Nfl’s Support of Player Safety: Good or Bad for the Game?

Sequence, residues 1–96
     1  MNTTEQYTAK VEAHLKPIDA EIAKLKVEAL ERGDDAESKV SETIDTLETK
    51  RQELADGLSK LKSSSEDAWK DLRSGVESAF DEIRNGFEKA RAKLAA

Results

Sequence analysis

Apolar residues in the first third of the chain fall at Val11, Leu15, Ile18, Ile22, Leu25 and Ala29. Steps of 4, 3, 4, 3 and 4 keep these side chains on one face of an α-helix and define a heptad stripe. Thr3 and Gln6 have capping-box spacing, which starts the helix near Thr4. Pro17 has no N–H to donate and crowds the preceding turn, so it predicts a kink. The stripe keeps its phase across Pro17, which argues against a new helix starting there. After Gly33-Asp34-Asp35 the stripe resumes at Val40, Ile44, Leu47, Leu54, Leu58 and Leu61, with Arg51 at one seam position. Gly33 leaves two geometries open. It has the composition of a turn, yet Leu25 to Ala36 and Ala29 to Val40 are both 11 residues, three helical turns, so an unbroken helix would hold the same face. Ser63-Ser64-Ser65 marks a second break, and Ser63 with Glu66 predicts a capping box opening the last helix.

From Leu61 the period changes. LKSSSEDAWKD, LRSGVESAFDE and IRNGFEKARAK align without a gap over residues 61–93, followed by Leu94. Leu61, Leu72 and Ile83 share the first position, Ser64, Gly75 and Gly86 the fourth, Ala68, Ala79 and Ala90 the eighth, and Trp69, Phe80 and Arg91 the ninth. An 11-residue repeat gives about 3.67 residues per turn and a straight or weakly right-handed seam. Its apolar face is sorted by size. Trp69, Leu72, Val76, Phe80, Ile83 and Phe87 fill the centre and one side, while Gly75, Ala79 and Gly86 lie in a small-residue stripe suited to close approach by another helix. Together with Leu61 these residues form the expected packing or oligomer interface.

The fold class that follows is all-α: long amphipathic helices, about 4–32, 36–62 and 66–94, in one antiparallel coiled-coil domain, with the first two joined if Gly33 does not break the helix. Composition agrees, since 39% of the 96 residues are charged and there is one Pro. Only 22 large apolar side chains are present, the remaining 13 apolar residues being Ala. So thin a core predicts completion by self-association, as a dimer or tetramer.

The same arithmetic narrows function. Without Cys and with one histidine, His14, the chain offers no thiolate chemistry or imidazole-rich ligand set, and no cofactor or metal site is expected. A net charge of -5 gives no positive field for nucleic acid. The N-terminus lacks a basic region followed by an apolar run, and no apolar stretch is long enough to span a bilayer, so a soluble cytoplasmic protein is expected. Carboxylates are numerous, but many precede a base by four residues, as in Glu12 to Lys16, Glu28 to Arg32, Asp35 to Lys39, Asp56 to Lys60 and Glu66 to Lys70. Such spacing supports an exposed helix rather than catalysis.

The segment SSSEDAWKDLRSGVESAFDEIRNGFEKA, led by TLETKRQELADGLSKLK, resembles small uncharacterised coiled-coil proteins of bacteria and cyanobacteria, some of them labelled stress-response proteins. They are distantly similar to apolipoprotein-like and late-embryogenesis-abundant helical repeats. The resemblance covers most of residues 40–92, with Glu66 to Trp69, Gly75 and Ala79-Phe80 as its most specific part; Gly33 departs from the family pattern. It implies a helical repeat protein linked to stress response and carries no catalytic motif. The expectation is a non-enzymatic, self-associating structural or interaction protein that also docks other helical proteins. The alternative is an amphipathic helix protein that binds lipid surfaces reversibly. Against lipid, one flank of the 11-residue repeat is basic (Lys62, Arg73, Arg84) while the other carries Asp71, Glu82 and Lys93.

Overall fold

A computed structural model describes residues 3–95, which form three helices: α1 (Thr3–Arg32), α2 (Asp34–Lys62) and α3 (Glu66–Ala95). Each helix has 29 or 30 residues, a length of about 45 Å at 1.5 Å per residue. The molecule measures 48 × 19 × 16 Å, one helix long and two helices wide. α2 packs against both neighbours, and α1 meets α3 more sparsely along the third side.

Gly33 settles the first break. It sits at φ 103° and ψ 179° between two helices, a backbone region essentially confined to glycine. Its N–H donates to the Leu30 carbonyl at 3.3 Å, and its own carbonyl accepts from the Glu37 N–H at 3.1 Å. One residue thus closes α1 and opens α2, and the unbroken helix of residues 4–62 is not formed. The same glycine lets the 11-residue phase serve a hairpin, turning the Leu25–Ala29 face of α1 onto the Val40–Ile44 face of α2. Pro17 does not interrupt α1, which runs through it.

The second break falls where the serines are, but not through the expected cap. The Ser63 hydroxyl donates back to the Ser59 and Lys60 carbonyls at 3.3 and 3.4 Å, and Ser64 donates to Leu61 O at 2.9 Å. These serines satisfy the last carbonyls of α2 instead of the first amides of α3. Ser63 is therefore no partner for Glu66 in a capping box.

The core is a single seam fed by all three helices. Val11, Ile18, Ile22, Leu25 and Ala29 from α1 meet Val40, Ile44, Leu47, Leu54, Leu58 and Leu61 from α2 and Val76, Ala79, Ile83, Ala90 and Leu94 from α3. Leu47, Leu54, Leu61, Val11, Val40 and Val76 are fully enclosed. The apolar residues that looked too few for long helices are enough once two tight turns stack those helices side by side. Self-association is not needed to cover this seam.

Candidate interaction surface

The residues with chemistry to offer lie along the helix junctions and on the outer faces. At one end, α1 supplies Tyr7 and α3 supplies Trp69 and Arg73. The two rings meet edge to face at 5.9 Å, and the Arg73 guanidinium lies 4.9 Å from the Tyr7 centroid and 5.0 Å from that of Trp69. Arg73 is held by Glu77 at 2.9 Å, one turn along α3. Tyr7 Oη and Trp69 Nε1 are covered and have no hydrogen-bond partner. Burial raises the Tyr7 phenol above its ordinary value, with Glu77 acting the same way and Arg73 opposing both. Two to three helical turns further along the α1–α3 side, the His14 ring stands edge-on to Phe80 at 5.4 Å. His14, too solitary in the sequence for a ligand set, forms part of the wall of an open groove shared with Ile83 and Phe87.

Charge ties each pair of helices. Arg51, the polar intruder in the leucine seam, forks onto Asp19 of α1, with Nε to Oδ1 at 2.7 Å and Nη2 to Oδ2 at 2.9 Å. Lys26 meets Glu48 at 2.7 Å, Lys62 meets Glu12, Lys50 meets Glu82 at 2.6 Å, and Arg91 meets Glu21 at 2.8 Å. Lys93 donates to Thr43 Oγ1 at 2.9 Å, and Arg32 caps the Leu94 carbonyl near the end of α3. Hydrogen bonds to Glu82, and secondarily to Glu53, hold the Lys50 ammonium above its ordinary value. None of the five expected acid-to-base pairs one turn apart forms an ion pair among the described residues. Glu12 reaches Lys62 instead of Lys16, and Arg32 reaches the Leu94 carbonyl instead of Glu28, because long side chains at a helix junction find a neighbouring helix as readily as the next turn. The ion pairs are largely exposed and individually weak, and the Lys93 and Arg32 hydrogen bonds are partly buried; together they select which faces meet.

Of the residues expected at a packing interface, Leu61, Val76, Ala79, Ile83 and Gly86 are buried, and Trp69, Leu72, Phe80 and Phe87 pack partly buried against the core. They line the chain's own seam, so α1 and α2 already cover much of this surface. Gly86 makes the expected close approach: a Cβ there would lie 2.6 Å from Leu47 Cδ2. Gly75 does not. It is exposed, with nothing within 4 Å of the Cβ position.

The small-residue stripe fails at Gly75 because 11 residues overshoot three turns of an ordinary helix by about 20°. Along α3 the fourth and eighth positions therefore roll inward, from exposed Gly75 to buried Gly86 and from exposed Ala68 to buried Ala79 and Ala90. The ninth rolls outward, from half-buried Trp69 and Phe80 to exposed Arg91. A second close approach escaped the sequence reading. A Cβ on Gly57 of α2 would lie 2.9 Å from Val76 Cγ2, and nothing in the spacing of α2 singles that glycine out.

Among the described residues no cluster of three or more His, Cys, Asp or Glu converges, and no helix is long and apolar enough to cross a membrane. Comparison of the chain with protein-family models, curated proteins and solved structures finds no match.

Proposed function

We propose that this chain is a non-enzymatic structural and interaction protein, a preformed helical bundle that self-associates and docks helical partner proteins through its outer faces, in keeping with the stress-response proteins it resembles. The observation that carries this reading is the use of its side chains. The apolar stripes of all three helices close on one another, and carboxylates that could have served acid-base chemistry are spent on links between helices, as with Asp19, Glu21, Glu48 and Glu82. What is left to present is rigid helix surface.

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Since its inception in the 1920s, the NFL has grown to become the most popular sport in North America due to the physical nature of the sport. Legends, such as “Mean” Joe Greene, Dick Butkus, Jack Lambert, Jack Tatum, George Atkinson, Ronnie Lott, Steve Atwater, and Ray Lewis, made a name for themselves by delivering hard hits. These players were feared by their opponents, but beloved by their fans for their style of play. In the process, the league grew a culture of toughness and was defined as a “grown man’s sport”. However, now the NFL wants to eliminate that toughness in order to make the game safer. Today, the issue of player safety continues to be a hot topic in the NFL. In fact, the NFL recently passed two rules regarding the matter at the annual NFL Owners Meetings in Phoenix. One of the rules prevents offensive players from making cut blocks on defensive players below the waist from the blindside. This is a good rule because it will eliminate one of the most dangerous plays in the game. This will result in fewer torn ACLs and torn Achilles tendon injuries. In particular, Houston Texans star linebacker Brian Cushing suffered a torn ACL after he was cut-blocked by New York Jets offensive lineman Matt Slauson. Cushing missed the final 11 games of the regular season due to the injury. The other rule bans ball carriers or tacklers from initiating contact with the crown of their helmets in the open field. Under the new rule, a runner or a tackler would draw a 15-yard personal foul penalty if he initiates forcible contact by delivering a blow with the top/crown of his helmet against an opponent when both players clearly are outside the tackle box (an area extending from tackle to tackle and from three yards beyond the line of scrimmage to the offensive team’s end line). Incidental contact by the helmet of a runner or a tackler against an opponent would not be deemed a foul. The crown of the helmet rule is designed to take away a play that could cause a concussion, by making it illegal for players to use their helmets as weapons. The rule has received generally a negative reaction from both current and former players. Hall of Fame running back Emmitt Smith commented on the rule saying: “As a running back, it’s almost impossible to not lower your head. The first thing you do is get behind your shoulder pads. That means you’re leaning forward and the first part of contact that’s going to take place is your head, regardless. I disagree with the rule altogether. It doesn’t make any sense for that position. It sounds like it’s been made up by people who have never played the game of football.” Hall of Fame running back Marshall Faulk adds “Take the helmets off. Let's be honest, if you think the helmet is a weapon, take it off. Because I know that helmet on my head is not being use to head-butt anyone, it's being used to protect myself." Chicago Bears running back Matt Forte calls the rule “absurd.” Hall of fame running back Earl Campbell says “I do not think (the rule) is going to last. I think people want to see the running back running the football. I thought we were getting back to that, but pretty obviously we’re not; we’re getting farther away from football.” Earl Campbell was known for his physical and bruising running style and had a “linebacker’s mentality”. He would have had to change his running style if he was still playing today. While Matt Forte, Marshall Faulk, and Emmitt Smith, the league’s all-time leader in rushing yards, didn’t run quite as powerful as Campbell they are sure to be affected by the rule due to the nature of the position. The crown of the helmet rule is a just a footnote in a larger issue for the NFL and leads to a controversial question: Should the NFL change the rules of its game in order to advocate player safety? While the NFL thinks its protecting players by enforcing these rules, in reality they’re ruining the game by eliminating toughness and making the job harder for players and coaches...
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